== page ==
Grace to you!
Reading the bible isn’t always easy, but it’s exciting. In the texts, we breathe the Spirit of God and connect with Christ himself. Knowing Scripture is getting to know and live in Christ in God through His written Word.
To know God is to know His Word. This Word isn’t simply the lexical and textual constructions of the library/collections of documented revelations called the bible. It is Jesus Christ, the Word of God made flesh. The bible is simply a divinely inspired documented aspect of the Divine Revelation.
I hope you know God’s Word in Scripture was first God’s Word revealed in actions and verbal expressions, and, more importantly, made flesh in Jesus Christ, years before they were documented. For us believers in the Lord and Savior Jesus Christ, revelation isn’t simply about that moment in history when the disciples of Jesus and those who followed after them, wrote down some of what Jesus did and taught. It goes deeper than that – to the entire plan of God revealed through historical events in human history. The most definitive moment is the Incarnation- when God took flesh in the womb of Virgin Mary and became man – Jesus Christ the Lord.
Those who saw all the events of Christ (life witnesses) conveyed what they saw, heard and received, like a tradition, handed on from one disciple to another before they started to write. The entire revelation is God himself. The handing on of it was both a lived experience of the Christian people through their life and, most importantly, through their worship – liturgy – and the documented expression of it in what we know today as Scripture. These two aspects weren’t dichotomized during the early days of the Church and we shouldn’t dichotomize them now either. They are one body of revelation, one Word – Jesus Christ.
I tell this story today as we, Catholic Christians, celebrate the life of Saint Jerome because he was one of the pioneers of making the bible accessible to believers in the common language of the people of the time. The first Latin version of translated biblical manuscripts called Vetus Latina (Old Latin), which existed around the latter part of the second century and the middle of the third century, was very complex for the non-educated, common person on the street to read and understand. Jerome’s translation, though with a few imperfections, as one would expect with any translation, was called the Vulgate (language of the Common Person).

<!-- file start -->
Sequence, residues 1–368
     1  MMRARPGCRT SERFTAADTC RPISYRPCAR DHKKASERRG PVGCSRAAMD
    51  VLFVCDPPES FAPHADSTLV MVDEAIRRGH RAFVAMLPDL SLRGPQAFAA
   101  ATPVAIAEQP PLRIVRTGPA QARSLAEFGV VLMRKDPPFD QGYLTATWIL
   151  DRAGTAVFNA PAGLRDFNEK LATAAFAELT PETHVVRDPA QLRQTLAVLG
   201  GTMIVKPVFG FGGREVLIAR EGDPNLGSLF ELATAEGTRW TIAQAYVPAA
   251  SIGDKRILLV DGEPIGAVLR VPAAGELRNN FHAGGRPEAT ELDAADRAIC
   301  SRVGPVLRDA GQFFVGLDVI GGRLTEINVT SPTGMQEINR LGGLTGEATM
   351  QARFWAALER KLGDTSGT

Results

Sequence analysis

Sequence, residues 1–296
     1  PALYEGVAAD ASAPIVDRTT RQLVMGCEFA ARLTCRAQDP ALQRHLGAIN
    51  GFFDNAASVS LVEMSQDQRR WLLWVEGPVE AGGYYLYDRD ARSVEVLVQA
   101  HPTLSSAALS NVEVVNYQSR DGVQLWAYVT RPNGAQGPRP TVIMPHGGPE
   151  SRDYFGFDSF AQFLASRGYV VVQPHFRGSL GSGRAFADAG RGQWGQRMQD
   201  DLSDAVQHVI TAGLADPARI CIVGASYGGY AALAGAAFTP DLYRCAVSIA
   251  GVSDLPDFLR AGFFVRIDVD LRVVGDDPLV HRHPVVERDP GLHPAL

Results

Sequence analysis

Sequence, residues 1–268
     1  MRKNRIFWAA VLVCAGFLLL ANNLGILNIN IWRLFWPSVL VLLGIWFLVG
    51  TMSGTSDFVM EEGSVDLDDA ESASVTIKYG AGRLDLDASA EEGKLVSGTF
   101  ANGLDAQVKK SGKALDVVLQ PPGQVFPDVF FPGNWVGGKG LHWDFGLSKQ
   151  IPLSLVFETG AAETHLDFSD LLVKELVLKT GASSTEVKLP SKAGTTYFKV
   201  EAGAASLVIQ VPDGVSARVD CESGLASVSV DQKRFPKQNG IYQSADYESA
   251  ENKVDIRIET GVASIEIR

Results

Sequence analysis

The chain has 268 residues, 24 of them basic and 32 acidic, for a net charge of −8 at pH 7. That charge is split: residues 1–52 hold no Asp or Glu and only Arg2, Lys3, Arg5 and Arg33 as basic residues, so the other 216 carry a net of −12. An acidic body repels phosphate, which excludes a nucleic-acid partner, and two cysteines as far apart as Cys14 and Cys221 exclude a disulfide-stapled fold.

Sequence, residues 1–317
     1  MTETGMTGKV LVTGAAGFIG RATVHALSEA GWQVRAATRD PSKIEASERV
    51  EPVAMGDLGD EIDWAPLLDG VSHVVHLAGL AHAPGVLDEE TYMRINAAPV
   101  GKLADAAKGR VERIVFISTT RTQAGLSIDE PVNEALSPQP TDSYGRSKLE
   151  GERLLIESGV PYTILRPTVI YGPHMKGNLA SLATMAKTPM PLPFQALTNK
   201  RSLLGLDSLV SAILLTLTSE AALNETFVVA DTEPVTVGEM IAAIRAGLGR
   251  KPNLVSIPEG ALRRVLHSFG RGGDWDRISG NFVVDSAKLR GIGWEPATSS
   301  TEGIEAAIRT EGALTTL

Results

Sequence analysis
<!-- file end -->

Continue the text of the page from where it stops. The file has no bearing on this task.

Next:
Guess what? Pope Damasus I had seen the need for all Catholics to know the Word of God in their private readings, and connect with it more during the Liturgy, to read it and understand it. So he looked for the best linguist and theologian with deep spiritual discernment to translate biblical manuscripts from the original Hebrew, Aramaic and Greek, and the Vetus Latina, to the common, accessible language of the people, which was Common Latin (Vulgate).
The version, called Vulgate, was to be such that people with less education could read God’s Word in Scripture, as well as connect with God’s Word in the Liturgy. The Church believes that the knowledge of God’s Word is necessary to the knowledge of Christ himself. As the Catholic Saint Jerome argued, and rightly so, “ignorance of Scripture is ignorance of Christ.”
Historical facts show that Pope Damasus I attached an indulgence to the actual reading of the bible, so as to encourage all Catholics to read it.
My reflections aren’t about history. However, it may be important to see the relevance of the knowledge of the Word of God and its central place in Catholic spirituality. When people say Catholics don’t read the bible and are not biblical, maybe they are yet to know about the story of Jerome and Pope Damasus I, not to mention the Fathers of the Church from the early years of Christianity, whose works are grounded in Scripture. Equally, probably they do not know the relevance of the Vulgate translation of the bible, which came around 382AD, over 1135 years before the protestant reformation of 1517AD.
So much for this background information: May I ask: How much do you know Scripture? When was the last time you read and prayed God’s Word?
God love you. God bless you.
Fr. Maurice Emelu
Fr. Maurice Emelu, Ph.D.
Father Maurice provides a daily blog of reflections based on the bible readings of the day from the Catholic liturgical calendar. You will find these reflections helpful for your spiritual growth, inspiration and developing your own thoughts. It may also be helpful for ministers in preparing their sermons for liturgical celebrations.